Being falsely accused of a serious criminal offence is many people’s worse nightmare. If this is you, you are probably feeling frustrated, angry, and scared. You may be reading this whilst on remand in prison, wondering what your options are for providing your innocence. Undergoing a criminal investigation for something that you did not do can feel overwhelmingly unjust. But what should you do if you find yourself in this situation?
This article explains the situations when making false allegations is a criminal offence, how to defend yourself from false allegations, and what the penalty is for making false allegations. Remember that you should always seek the assistance of a solicitor for specialist advice tailored to the facts of your case.
Making a false allegation of a crime against another person can be a criminal defence depending on the circumstances. The two criminal offences that could apply are perverting the course of justice and wasting police time contrary to 5(2) of the Criminal Law Act 1967.
Perverting the course of justice
Perverting the course of justice is a common law offence, which means that it has been developed by subsequent decisions of the courts of England and Wales. A person commits this offence when they commit an action or series of actions that have a tendency to (i.e. could) and are intended to interfere with the administration of justice. For example, giving false testimony in court that you have been assaulted by a police officer. The offence is committed regardless of whether the person successfully alters the course of justice. Therefore, even if the police officer was not actually convicted as a result of your testimony, the charge of perverting the course of justice could still – theoretically – be brought against you.
The offence of perverting the course of justice can be brought in circumstances where an event has taken place from which it can reasonably be expected that an investigation (usually a police investigation) has already started or will be started, or where court proceedings might start or have already started.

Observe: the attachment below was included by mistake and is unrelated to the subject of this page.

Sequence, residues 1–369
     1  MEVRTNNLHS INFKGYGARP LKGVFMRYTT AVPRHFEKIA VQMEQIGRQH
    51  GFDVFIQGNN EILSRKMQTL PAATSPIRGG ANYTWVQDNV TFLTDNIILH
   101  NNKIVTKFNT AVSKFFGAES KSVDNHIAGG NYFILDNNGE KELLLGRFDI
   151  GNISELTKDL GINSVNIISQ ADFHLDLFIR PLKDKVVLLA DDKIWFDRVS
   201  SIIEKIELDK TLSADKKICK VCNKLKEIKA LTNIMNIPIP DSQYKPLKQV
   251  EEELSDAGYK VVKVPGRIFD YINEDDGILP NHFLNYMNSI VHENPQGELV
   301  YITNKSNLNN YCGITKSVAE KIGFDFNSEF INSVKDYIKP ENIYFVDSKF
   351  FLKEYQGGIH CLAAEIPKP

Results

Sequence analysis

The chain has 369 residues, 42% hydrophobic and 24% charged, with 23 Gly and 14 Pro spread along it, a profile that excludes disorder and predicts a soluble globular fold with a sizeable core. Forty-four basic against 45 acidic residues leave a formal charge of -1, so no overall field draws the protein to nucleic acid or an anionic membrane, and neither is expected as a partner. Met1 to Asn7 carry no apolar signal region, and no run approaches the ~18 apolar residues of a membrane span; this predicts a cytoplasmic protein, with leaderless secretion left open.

Perverting the course of justice is a serious offence triable only on indictment, which means it must be heard in the Crown Court. The CPS are generally cautious about the circumstances in which they bring a prosecution for perverting the course of justice. A prosecution will usually only be brought where the interference with justice has had serious consequences, for example, where an innocent person has been convicted. Therefore, even if a person has made a false allegation against you to the police or in court, in most cases they will not be prosecuted for perverting the course of justice.
Wasting police time
Wasting police time is another offence that can be brought against someone who has made a false accusation. It occurs where:
The offence of wasting police time can be committed even where the false report was not made to the police. The prosecution must be able to show that the person who made the false report did so intentionally.
Wasting police time is a less serious offence than perverting the course of justice. It is a summary only offence, which means that it is usually heard in the Magistrates’ Court. The charge must be laid within six months of the date of the alleged offence. The police must obtain the consent of the Director of Public Prosecutions (DPP) to bring the charge. The police must also consider whether prosecution of the offence is in the public interest. CPS guidance sets out factors that suggest that a prosecution should be brought. These include:
In other, less serious cases, the police are encouraged to find out of court resolutions – such as issuing the suspect with a fixed penalty notice, rather than prosecuting this offence. In reality the majority of false allegations will not result in a charge of wasting police time being brought.
If a person has made a false allegation against you that has resulted in a police investigation being opened, you should seek the advice of a criminal defence solicitor without delay.